He hitched up with Minna Planer and treated her like dirt, putting his own career well before hers, though I rather suspect she was just as much a pain in the arse as he was. I like the story when, after many rows and many partings, they finally got married, they even had a stant-up row in front of the minister who was about to marry them. Later, patronised, in the best sense, by a businessman Otto von Wesendonck, he went on (if some are to be believed) to have an affair with the chaps wife. Then there’s the flight from Riga across the Russian border with Minna and her daughter Nathalie, the horrendous trip to London, the years of poverty in Paris, the participation in the Dresden revolution and what came later and it seems to me Wagner had a life crying out to be made into a - good, that’s important - mini series. If it wasn’t for the hours and hours and hours of bombastic music. But I must say I’m glad I discovered the Wesendonck Lieder.
. . .
One last point. If anyone wanted to capture the essence of a certain kind of English middle-class life, visit a St Endellion festival. Very few of the fok there are under 40, most of over 50 and many over 60, almost all have grey or white hair and beards, including many of the women, and most of the cars are quite young. I hate to be snooty (well, actually, I don’t, I like it) but it is everything Labour hate. I, too, now have white hair and at the moment a very trimmed beard, but I still feel like an outsider.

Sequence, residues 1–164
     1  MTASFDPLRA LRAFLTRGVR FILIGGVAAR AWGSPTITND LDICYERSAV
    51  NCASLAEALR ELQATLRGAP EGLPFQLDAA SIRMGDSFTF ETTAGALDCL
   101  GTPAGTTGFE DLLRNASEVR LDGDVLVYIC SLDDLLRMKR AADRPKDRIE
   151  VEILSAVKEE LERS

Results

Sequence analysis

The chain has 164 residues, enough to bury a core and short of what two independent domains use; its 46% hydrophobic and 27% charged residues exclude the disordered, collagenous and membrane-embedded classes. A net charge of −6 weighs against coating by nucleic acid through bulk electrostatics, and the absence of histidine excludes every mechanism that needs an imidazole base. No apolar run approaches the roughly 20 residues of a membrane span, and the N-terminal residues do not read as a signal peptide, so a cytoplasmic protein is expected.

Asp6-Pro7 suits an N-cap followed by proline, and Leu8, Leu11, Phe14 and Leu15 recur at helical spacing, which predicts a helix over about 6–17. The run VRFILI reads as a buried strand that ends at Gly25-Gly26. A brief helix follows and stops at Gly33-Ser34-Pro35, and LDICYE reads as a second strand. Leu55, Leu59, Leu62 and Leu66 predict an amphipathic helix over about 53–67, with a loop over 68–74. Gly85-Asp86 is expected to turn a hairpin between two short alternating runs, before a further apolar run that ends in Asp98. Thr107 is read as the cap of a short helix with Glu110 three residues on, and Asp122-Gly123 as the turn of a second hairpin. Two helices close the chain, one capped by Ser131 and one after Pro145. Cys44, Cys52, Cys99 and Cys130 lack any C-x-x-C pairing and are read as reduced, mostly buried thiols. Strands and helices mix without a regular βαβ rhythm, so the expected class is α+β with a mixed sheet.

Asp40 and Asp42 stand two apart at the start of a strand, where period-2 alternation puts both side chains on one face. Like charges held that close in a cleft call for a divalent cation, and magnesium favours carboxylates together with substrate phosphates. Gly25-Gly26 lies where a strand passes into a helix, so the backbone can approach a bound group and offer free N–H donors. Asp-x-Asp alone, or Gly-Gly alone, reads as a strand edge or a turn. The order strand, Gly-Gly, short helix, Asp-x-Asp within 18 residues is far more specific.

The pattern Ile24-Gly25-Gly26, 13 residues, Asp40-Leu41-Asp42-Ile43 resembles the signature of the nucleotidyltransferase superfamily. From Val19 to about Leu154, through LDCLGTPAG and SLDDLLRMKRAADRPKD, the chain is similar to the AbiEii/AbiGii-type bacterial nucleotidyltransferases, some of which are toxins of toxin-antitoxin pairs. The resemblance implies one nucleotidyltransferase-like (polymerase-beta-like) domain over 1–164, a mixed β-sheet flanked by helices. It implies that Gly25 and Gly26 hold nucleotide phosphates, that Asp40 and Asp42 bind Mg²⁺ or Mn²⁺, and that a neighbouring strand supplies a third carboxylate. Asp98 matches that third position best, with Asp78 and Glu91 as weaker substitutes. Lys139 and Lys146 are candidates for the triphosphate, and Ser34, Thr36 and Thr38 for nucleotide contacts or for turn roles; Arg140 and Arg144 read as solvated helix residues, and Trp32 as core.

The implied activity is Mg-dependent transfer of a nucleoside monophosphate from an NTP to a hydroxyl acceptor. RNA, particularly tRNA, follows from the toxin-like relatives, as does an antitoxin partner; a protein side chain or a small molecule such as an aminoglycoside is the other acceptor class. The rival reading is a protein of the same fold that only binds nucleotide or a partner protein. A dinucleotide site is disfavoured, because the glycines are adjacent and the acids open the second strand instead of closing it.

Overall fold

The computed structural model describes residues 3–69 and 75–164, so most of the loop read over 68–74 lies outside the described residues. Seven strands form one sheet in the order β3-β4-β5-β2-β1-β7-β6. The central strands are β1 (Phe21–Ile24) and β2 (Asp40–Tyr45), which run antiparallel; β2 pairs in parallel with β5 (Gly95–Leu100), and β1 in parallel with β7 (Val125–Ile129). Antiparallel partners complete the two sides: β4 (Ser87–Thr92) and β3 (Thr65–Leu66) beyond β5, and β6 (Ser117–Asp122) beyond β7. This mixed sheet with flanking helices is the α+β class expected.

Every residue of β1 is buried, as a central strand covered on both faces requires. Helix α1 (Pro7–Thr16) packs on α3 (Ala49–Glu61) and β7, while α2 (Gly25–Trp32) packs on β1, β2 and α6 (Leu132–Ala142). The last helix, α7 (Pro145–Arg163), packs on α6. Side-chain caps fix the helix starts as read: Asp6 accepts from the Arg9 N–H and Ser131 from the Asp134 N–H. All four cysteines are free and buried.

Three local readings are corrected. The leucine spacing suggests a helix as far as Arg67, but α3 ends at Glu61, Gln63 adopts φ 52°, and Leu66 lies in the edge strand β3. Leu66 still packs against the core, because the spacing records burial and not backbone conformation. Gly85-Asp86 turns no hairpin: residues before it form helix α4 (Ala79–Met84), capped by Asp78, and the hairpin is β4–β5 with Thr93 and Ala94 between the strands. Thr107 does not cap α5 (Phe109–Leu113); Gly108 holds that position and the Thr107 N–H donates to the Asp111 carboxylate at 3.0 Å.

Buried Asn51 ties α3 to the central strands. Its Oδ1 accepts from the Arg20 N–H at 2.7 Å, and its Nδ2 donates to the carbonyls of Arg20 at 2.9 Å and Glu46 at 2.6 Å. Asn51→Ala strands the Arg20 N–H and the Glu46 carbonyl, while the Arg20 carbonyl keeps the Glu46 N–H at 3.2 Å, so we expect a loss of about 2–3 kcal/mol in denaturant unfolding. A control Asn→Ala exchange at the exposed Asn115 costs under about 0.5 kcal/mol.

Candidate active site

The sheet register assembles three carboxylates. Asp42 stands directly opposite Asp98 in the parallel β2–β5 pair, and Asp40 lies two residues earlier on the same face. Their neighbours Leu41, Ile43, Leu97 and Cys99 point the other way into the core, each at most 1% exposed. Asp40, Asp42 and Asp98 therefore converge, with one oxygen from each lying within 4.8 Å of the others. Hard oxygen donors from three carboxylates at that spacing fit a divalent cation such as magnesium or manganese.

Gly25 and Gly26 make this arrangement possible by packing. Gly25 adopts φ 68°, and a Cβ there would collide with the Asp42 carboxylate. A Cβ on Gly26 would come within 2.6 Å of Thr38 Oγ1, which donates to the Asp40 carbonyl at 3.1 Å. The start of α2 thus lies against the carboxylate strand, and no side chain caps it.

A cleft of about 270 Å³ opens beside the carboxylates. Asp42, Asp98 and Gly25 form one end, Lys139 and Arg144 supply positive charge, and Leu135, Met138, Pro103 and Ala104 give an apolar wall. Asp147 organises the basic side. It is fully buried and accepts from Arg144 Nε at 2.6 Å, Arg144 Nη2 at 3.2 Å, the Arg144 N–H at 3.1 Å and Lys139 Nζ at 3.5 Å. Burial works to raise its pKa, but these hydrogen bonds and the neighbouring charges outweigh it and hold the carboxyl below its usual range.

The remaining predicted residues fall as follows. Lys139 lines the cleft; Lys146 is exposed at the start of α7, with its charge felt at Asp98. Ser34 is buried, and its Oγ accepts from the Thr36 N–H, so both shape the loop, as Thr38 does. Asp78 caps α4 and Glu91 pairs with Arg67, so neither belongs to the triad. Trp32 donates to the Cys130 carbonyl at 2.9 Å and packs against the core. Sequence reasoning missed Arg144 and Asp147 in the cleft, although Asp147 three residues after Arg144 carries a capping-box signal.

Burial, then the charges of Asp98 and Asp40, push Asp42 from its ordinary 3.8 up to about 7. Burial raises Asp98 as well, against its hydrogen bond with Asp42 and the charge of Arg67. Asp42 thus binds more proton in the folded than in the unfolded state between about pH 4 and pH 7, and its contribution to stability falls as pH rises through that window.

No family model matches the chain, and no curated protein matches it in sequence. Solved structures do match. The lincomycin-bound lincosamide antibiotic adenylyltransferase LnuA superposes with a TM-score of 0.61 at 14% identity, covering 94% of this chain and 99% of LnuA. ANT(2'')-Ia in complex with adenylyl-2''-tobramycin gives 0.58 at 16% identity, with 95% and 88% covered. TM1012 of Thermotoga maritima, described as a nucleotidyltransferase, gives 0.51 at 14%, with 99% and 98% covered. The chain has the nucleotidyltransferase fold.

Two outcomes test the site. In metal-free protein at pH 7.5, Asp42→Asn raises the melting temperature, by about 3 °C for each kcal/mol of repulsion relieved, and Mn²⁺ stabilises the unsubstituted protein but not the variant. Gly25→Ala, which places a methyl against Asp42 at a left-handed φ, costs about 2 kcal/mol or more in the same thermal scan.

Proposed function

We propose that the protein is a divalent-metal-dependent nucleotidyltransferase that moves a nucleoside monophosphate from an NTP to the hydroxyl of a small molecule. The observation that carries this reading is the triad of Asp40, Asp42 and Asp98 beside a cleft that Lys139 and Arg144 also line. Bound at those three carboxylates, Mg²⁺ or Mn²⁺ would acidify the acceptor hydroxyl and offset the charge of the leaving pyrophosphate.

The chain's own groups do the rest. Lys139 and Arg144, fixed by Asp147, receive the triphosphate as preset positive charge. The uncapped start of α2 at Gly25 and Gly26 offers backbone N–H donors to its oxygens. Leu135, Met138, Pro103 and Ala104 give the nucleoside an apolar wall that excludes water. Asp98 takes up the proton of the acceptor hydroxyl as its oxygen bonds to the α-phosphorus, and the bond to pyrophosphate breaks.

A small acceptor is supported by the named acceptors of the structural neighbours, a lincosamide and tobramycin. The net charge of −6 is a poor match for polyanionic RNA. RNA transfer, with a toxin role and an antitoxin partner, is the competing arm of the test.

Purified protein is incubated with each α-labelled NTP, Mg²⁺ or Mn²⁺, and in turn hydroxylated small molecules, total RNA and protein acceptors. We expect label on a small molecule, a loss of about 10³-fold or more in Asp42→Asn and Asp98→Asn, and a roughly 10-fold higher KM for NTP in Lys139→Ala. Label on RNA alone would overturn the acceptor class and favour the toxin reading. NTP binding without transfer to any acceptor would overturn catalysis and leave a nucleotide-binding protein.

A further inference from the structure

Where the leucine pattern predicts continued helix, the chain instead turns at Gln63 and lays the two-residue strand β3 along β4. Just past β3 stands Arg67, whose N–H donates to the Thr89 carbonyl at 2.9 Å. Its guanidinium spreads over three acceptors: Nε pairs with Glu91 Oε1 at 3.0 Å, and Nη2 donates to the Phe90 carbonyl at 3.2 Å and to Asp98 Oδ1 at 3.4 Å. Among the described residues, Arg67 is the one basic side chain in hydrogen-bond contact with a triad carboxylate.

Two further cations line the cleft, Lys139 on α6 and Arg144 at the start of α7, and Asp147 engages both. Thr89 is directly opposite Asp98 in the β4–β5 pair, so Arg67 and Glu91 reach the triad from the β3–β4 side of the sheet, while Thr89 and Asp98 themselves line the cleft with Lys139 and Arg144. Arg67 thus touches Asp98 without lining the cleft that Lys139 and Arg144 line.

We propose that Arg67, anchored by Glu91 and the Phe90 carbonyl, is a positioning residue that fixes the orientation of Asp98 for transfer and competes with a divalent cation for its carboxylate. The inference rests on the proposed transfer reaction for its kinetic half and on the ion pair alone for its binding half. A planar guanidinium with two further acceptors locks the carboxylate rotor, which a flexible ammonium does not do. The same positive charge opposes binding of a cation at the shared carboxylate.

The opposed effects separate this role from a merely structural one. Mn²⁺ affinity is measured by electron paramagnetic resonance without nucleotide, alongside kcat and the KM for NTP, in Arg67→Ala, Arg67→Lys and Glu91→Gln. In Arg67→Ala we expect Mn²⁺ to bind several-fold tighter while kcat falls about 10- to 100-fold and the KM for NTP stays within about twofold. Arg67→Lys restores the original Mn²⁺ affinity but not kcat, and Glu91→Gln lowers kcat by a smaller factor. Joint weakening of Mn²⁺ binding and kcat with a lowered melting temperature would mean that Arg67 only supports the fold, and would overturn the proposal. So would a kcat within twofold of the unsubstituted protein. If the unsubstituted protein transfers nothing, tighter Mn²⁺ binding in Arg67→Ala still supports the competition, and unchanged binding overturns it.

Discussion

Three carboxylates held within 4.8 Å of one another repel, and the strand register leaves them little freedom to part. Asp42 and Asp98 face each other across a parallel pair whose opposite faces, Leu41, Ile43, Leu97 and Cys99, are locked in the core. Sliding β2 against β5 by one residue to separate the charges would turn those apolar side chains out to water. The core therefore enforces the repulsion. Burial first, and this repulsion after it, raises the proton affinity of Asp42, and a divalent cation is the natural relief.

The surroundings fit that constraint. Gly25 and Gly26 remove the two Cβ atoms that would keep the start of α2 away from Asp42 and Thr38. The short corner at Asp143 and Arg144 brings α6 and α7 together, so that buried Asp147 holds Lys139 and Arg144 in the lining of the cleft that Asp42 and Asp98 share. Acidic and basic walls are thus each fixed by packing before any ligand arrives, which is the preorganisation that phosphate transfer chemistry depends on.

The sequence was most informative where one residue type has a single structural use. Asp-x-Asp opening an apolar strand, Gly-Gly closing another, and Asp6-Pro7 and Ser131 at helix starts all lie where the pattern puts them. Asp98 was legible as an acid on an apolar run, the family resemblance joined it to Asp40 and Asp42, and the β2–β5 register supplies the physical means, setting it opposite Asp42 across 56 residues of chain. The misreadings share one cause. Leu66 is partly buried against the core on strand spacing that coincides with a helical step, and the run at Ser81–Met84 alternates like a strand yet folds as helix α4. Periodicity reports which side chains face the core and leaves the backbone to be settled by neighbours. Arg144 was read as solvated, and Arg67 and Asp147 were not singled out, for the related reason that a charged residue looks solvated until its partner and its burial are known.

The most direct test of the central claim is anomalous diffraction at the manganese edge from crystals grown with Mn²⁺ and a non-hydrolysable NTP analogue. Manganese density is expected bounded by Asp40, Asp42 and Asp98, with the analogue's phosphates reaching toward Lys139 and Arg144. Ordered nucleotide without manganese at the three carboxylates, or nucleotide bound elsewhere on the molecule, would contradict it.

Last night I was wondering why, and I came up with this explanation: I was born in Britain to an English father and a German mother, but more or less brought up as a German child, even wearing Lederhosen at primary school, which was quite something in the early Fifties, just eight or nine years after World War II ended. Then, in 1959, we move to Berlin where I attended German schools, but again felt like an outsider, the English kid who spoke perfect German (though sadly no more) and, as all kids do at that age, wanted to be like everyone else. Then it was back to England, to boarding school, where again I felt the outsider (my nicknames were first Preggers, because I wasn’t the slimmest, then Kraut and Jackboots). In time, of course, as we all do, or all of us try to do, in my case reasonably successfully, I made a virtue out of a vice and began to celebrate being an outsider.
So at St Endellion I might well have resembled the masses, but I still looked on. And feel able to make rather condescending comments about it all now. For the record, I don’t feel ‘English’, but nor do I feel ‘German’. I speak English without an accent and, given a few weeks in Germany to get back in swing, I would speak German like a German in that Germans would think me German. But what I am, Lord knows. My younger brother, now 55, can’t remember Germany, but was brought up in France from the age of seven to 12. My sister, who was also brought up in France, married a German when she was 22 and has, more or less, lived there ever since. I don’t know how either feels. My older brother is mentally ill, probably schizophrenic, so what he feels will depend on the day you talk to him. He also watches an awful lot of bollocks TV but is twice as bright as me. Make of that what you will.